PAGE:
ERA Supports Sexual Assault Survivor Sued for Defamation by Former CA Lawmaker

June 22. 2020


For Immediate Release
Jun 22, 2020

Media Contact
Jess Eagle, Communications Manager
Equal Rights Advocates
(717) 574-2702
[email protected]

Pamela Lopez and another survivor speak out against then CA Assemblymember Matt Dababneh in Dec. 2017

Today Equal Rights Advocates, represented by law firm Reed Smith, filed an amicus brief in an appeal to Dababneh v. Lopez supporting Pamela Lopez, a Sacramento lobbyist who was sexually assaulted by former California state Assemblymember Matt Dababneh. Dababneh, who resigned in 2018 following multiple allegations of sexual harassment and assault, is now suing Lopez for defamation, represented by Harvey Weinstein attorney Patricia Glaser. 

Lopez was one of multiple women to come forward with allegations of sexual misconduct by Dababneh in 2018. A California Assembly Rules committee conducted an investigation which ultimately substantiated Lopez’s allegations and rejected Dababneh’s claim that the investigation was biased.

If victims worry that they will be sued for defamation as long as the assailant or harasser denies the incident occurred, it may keep many from coming forward at all. — Brenda Adams, ERA Senior Counsel

Today’s amicus brief supports Lopez’s appeal to the Third District appellate court, challenging a Sacramento County Superior Court’s refusal to dismiss Dababneh’s defamation lawsuit under California’s anti-SLAPP statute, which intends to gives defendants sued in “Strategic Lawsuits Against Public Participation” an expeditious way to end lawsuits that have been brought as a way to chill their exercise of free speech, particularly in cases of sexual assault and sexual harassment. 

Victim advocates have seen an increasing trend over the past few years of filed or threatened defamation lawsuits being used to intimidate survivors of sexual assault and harassment into silence. Our amicus brief urges the court to consider the negative precedent that could be set by allowing Dababneh’s argument—that he can establish both malicious intent and falsity by simply denying the sexual assault occurred—to stand. In defamation lawsuits involving public figures, both falsity and malice must be proven early for the case to proceed to trial.

“This precedent would only serve to further chill reports of sexual harassment and assault, which are already vastly underreported,” said Brenda Adams, Senior Counsel at Equal Rights Advocates. “If victims worry that they will be sued for defamation as long as the assailant or harasser denies the incident occurred, it may keep many from coming forward at all.”

Our amicus brief to the court requests that, if Dababneh is permitted to show malice simply by claiming that Lopez’s statement was false, he should be required to show falsity by the higher standard of evidence (“clear and convincing”) applicable to malice.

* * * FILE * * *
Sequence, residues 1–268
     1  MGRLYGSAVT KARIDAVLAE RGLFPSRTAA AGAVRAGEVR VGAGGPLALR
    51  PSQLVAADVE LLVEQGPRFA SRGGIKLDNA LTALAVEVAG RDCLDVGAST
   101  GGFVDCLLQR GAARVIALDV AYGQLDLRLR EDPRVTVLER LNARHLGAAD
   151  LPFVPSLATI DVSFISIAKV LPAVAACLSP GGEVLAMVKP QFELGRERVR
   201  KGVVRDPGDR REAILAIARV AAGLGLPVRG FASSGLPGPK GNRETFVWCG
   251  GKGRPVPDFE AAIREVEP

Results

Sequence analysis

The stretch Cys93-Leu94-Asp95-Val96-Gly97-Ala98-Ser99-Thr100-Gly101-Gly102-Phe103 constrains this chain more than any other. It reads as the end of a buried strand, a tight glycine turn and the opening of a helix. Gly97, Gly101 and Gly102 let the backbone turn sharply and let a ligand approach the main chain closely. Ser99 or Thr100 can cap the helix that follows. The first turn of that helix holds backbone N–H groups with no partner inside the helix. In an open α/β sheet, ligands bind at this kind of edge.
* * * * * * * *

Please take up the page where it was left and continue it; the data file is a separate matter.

A society that allows and encourages victims to report sexual assault without fear of being disbelieved or retaliated against allows the real prevalence of the problem to surface, ultimately resulting in action that makes our workplaces, schools, and society safer for everyone. — Brenda Adams, Senior Counsel

As noted in the amicus brief, if the trial court’s ruling on the malice standard in this case is upheld, it could mean that any future public figure plaintiff in defamation suits could proceed to trial simply by denying the fact that the incident took place. 

Reed Smith appellate attorney Paul Fogel points out, “The Supreme Court required public figures in defamation cases to prove actual malice by clear and convincing proof to ensure that speech about their conduct remains robust and to protect less powerful individuals who seek to hold public figures accountable for their misconduct. The anti-SLAPP statute furthers these goals, and trial courts should scrutinize allegations of defamation to ensure that these goals are not compromised.”

When survivors and victims speak out about the sexual harm they endured, other victims are more likely to come forward, the amicus brief argues. 

“As was proven by the Me Too movement, visibility is key to reducing shame and stigma,” Brenda Adams said. “A society that allows and encourages victims to report sexual assault without fear of being disbelieved or retaliated against allows the real prevalence of the problem to surface, ultimately resulting in action that makes our workplaces, schools, and society safer for everyone.”

The Court of Appeal will likely schedule oral argument in the appeal sometime in 2021, with a decision expected in 2021 or 2022. California Anti-SLAPP Project and Levy Vinick Burrell Hyams LLP are representing Lopez in her appeal.

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